Are “social media” a “compulsory part” of music biz these days or bands, artists & labels can do without them as well?
 
P: While nothing is “compulsory” in music, I would have to say that social media is highly recommended. Back in the day, we put up fliers and hung out at the record shop talking bands, that’s the way the scene/community connected. You can still do that today, but these days, social media posting can exponentially mirror that experience (but of course not replace it), touching people all over the planet.
 
 
What do you think about the “downloading & streaming issue” of our time?
 
P: I think it can be a fine way to get an artist’s music out there in larger numbers, albeit at a much, much lower profit to the artist per listen. Think of it as a marketing “loss leader”, right? At least people in New Guinea might know who you are if you don’t happen to live there.
 
 
Which music kind can’t you bear to listen to at all?
 
P: Contemporary Pop music. Its current form is the most politically-correct hypocrisy currently for sale to the most rabid YouTuber. Good lord. Don’t get me started.
 
 
If you found a genie in a bottle and you only had 3 wishes what would they be?
 
P: ONLY 3 wishes? Damn. Forget it, not interested.
 
 
Is there a particular book you can’t recommend enough?
 
P: I am a huge reader, so great question. I generally almost finish a book a week, non-stop. I would have to recommend “From Here to Eternity” by James Jones. Great novel, has it all for me.
 
 
Top 3 Horror movies of all time?
 
P: Gotta be the original Exorcist, Poltergeist, and Blair Witch Project for me.
 
 
Which is the record you wish you had written and why?
 
P: If I had to only pick one, I wish I had written the Beatles’ “Rubber Soul”. Definitely not a metal album, but from a purely compositional standpoint, those songs are untouchable. There’s a reason why Lemmy and Sabbath hold the Fabs in such high regard…
 
 
Best 3 Heavy Metal albums of all time?
 
P: Gotta go with the classics for this one: Sabbath’s “Master of Reality”, Deep Purple’s “Machine Head” and Rainbow’s “Rising”.
 
 
Fill in the phrase… “Heavy Metal wouldn’t have evolved the way it did, if it hadn’t been for…”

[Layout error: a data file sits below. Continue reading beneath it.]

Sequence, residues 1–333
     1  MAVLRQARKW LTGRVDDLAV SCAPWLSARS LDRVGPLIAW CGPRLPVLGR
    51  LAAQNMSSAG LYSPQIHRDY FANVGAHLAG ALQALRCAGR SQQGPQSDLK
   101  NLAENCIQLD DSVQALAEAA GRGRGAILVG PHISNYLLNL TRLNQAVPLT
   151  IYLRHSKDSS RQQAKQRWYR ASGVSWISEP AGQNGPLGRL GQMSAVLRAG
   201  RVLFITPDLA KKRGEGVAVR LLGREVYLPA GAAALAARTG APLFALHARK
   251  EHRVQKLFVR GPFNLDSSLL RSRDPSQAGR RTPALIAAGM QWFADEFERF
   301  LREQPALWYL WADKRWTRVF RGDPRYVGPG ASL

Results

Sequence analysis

P: Tony Iommi. End of story.
 
 
Who is the sexiest female Rock Star of all time?
 
P: I’m thinking it’s Corey Parks, but don’t tell her I said this. Blackwülf just missed the opportunity to play with the Shrine due to conflicts, so I’m just a little heartbroken.
 
 
Which do you consider to be the best female & male vocalist in heavy metal history?
 
P: Best female vocalist for me would be Jillian Taylor of Ruby The Hatchet (who could even qualify as an answer to your previous question as well) and best male vocalist of course is Ronnie James Dio.
 
 
If you had the opportunity to invite any famous person, living or dead, over for supper whom would you choose and why?
 
P: Gonna go with Jesus Christ. He’d probably lay off the pork, and would have some cool things to relate. Just hope it wouldn’t be a “Last Supper”. If Jesus was unavailable, I’d ring up J.R.R. Tolkein.
 
 
If you had the chance to travel in time… where would you choose to go? To the past or the future and why?
 
P: Definitely to the past. Vienna in the 17th century would work.
 
 
Were you obliged to give just one album to extraterrestrials that would represent the whole human music, which album would it be and from which band/artist?
 
P: Man that would be awesome to actually be handing a record to an alien; I like the thought of that. I would probably give him a copy of Brahms Symphony No 3 in F Major. That would be the right thing to do. But, depending upon my mood, I may slip him a copy of Judas Priest’s “Sad Wings of Destiny” and send him on his fucking way…
 
 
Imagine that your girlfriend/wife/ is selling your whole album-collection just to buy an expensive ring for herself. How would you react?
 
P: Hey man, one thing I’ve learned in relationships: “Happy Wife, Happy Life”. It would be a damn nice ring though…
 

Thx for talking to Grande Rock, Pete. Wish you and your band the best for the future… Take care dude!
 
P: Thanks, Thanos! Enjoyed talking with you, and sending our best to Grande Rock! Hails and Horns to all from Blackwülf!